Breed Basic Information
- Lifespan: 14 - 18 years
- Height: 6 - 9 inches
- Weight: 6 - 6 pounds
Medical Conditions Seen
- Chronic Valvular Disease
- Patellar Luxation
- Tracheal Collapse
- Corneal Dystrophy
- Lens Luxation
- Patent Ductus Arteriosus
- Progressive Retinal Atrophy
- Pulmonic Stenosis
- Joggin Partner
- Lap Dog
- Good with Children
- Warm Weather
- Cold Weather
- Grooming Requirements
- Ease of Training
- The Chihuahua very likely descends from a combination of an ancient Central and South American dog called the Techichi, and Chinese dogs brought to Central America by the Spanish Conquistadors in the 1600s.
- Evidence exists of tiny dogs in Central America at the time of the Conquistadors. Following that time, there is a 300 year gap before the next recorded mention of them, when three tiny dogs were discovered in Chihuahua, Mexico in 1850.
- Origin of the two coat varieties is controversial, with some reports that the earliest discovered Chihuahuas were actually long coats. In fact, the Techichi may have had a moderately long coat.
- Other theories contend that the long coated variety came from crosses to the Papillon, Maltese, or Yorkshire Terrier once the breed came to the attention of American fanciers.
- The AKC recognized the breed in 1904. The first registered Chihuahua was a smooth coat, and the smooth coat has remained the more well-known variety.
- The Chihuahua is considered to be one breed with two varieties, which means that they compete in separate classes at dog shows but can be interbred with one another.
- The long coat results when a dog has two recessive genes for long hair. Smooth Chihuahuas may have either one or two dominant genes for short hair.
- By 1964, the Chihuahua had become the third most popular breed in America, but still, most of them were smooth coats.
- The Chihuahua has consistently remained one of America's top breeds since then, currently ranking 11th in AKC popularity. The long coat seems to be increasing in popularity slightly, although no statistics are kept on this.
- Makes both a devoted lap dog and saucy playmate.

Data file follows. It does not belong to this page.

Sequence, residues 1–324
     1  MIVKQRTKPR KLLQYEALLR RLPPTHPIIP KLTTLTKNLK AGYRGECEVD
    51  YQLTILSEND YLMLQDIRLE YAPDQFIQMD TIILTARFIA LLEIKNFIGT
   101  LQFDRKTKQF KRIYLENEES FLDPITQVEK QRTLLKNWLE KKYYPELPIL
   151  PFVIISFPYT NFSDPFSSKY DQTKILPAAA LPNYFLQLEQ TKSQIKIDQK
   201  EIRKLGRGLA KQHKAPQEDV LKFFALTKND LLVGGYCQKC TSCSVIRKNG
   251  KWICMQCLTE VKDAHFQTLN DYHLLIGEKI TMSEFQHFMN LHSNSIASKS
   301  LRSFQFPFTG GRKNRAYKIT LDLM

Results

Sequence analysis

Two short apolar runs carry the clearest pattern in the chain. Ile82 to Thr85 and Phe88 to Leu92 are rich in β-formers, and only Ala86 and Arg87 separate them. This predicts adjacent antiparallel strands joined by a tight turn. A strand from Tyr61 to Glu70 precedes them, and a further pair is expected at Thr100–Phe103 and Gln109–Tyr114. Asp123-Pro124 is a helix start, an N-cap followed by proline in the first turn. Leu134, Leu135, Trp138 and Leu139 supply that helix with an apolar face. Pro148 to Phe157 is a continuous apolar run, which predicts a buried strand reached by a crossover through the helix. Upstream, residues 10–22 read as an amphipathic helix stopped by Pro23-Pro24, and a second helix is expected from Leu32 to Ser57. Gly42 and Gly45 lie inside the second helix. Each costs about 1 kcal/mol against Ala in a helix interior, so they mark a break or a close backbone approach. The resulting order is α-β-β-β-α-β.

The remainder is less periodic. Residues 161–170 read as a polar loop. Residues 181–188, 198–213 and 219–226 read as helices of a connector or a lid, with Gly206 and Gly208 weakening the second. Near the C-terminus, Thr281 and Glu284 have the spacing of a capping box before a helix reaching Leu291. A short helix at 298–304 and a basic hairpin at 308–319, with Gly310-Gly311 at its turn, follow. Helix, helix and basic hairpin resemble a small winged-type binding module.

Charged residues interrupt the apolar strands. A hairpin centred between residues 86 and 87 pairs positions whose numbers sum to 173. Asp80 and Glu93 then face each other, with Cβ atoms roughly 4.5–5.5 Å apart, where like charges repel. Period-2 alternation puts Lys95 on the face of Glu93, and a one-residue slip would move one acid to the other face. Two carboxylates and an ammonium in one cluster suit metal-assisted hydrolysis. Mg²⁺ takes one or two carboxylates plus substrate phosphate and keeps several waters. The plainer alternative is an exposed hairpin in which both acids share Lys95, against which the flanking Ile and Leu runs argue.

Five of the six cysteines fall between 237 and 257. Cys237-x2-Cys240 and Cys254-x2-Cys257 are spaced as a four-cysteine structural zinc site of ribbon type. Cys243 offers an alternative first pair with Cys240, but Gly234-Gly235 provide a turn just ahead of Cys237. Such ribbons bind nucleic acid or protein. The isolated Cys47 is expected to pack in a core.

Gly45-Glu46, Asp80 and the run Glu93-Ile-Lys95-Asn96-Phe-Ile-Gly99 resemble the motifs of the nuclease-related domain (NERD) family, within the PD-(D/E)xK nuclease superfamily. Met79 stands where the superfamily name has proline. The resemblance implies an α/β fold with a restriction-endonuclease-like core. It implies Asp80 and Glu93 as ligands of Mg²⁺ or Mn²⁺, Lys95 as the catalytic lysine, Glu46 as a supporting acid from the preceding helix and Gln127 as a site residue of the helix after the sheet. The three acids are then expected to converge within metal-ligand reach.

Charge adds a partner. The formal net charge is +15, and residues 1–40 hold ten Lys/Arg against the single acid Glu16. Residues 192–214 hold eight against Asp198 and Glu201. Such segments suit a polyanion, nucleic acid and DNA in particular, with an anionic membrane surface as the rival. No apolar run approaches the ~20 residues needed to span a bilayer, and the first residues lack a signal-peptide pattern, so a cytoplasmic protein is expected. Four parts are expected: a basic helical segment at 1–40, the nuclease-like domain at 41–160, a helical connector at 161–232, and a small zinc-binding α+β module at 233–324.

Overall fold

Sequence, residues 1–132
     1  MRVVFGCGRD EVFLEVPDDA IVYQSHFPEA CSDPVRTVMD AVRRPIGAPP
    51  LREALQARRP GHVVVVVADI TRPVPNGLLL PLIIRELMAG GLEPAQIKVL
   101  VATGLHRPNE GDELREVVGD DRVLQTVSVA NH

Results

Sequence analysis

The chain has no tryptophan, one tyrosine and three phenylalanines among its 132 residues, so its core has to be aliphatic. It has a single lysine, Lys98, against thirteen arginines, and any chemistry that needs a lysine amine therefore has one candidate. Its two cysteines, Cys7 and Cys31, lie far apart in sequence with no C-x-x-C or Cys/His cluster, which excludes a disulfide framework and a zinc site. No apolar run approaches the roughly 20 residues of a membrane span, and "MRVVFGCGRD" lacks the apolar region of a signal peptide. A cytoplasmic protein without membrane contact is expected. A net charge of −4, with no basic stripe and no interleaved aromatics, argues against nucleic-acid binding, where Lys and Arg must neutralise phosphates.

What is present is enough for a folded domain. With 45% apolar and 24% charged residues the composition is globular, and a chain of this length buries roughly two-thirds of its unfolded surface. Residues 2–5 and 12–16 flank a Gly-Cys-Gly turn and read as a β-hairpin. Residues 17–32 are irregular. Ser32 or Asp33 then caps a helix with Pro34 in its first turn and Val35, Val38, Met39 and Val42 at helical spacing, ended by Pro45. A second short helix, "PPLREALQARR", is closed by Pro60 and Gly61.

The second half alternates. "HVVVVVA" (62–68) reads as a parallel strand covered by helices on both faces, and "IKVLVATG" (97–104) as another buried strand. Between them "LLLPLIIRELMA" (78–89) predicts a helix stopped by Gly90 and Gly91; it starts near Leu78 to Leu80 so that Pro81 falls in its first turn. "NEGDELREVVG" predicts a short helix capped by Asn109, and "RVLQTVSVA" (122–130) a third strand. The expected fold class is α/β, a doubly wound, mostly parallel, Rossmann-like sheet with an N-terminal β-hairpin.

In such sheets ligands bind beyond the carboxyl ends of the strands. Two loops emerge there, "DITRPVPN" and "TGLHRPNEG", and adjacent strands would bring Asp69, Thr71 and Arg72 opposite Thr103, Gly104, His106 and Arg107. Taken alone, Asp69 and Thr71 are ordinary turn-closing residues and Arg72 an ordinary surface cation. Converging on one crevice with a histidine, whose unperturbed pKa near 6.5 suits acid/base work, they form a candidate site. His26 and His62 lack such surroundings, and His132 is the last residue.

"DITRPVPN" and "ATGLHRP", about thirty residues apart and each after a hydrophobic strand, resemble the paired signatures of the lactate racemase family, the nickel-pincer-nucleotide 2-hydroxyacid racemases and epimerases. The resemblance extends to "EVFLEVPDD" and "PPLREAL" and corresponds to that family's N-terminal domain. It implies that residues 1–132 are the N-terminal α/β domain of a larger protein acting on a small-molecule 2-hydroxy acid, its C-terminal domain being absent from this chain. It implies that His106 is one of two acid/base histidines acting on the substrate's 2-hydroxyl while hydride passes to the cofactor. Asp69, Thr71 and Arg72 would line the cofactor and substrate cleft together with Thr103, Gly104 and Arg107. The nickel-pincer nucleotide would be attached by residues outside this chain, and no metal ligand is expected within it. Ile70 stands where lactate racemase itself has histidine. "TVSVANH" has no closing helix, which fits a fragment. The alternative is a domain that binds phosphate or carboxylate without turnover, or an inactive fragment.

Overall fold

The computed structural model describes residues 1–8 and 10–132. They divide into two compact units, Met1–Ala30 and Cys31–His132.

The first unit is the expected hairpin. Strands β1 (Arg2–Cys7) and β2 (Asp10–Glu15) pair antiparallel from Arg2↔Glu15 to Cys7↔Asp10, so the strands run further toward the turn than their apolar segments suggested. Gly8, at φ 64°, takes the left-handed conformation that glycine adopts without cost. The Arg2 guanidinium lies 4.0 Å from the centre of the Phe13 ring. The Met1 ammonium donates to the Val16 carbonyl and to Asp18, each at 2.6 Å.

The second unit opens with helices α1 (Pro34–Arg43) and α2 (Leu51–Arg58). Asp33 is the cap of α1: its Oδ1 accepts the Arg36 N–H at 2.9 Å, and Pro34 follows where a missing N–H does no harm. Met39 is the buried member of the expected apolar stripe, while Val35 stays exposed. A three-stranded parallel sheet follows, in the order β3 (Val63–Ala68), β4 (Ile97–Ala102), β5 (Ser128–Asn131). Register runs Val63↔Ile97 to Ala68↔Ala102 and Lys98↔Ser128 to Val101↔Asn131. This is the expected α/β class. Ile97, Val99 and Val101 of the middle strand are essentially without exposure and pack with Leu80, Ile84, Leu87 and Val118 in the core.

- Fairly playful with family children, but children must be supervised because they could easily hurt such a small dog.
- Tends to be a one-person, or at most, one-family dog.
- Reserved toward strangers.
- Early socialization so that it willingly accepts new people is important.
- Good with other dogs and pets, but can foolishly challenge larger strange dogs.
- Some can be overly bold, while others can be overly timid.
- Learns quickly, but tends to have a stubborn streak.
- Does not do well with force-based training methods, but is very good with reward-based training involving food.
- Housetraining can be more challenging than with many other breeds.
Suggested Excercise Needs
- Makes a lively and alert housedog.
- Although many of its physical exercise needs can be met with indoor games, it still needs the mental stimulation of walking and sniffing outdoors.
- A walk around the block once or twice daily will meet its outdoor needs, not counting bathroom breaks.
- Many Chihuahuas can be trained to use indoor potty systems.
- Dog parks are not generally a good idea unless only small dogs are allowed together.
- Games and tricks provide needed mental exercise.
- Excursions in a doggy purse can provide supplemental entertainment.
- Chihuahuas can swim, but most aren't crazy about it. They can, however, use a kiddy pool as a swimming pool.
- Chihuahuas, even long coated Chihuahuas, hate the cold. Because of their small size, they lose body heat rapidly. The coat has little undercoat, so it does not store heat well.
- Coat is soft and either straight or wavy, with fringed ears.
- Brushing two to three times a week will prevent tangles and mats.
- Shedding is average.
- The breed is prone to periodontal problems, which can be prevented in large part by regular tooth brushing.
Suggested Nutritional Needs
- Chihuahuas have a tendency to become obese, which may go unnoticed under the long coat.
- Adult dogs should be fed a balanced diet, with restricted calories if the dog starts to gain too much weight.
- Remember, it does not take much food to feed such a small dog, and small snacks can easily add too many calories.
- Chihuahua puppies should be fed often to prevent hypoglycemia, a serious condition to which very small puppies are prone. Frequent small meals of high protein, fat, and complex carbohydrates may help guard against this condition.
Did you know?
- Grapes and raisins are harmful to dogs.
- Some dog parasites are transferable to humans.
- Many common pet ailments may be detected early and prevented by visiting your veterinarian twice yearly - saving both time, money, and most importantly, ensuring the best quality of life for your dog.
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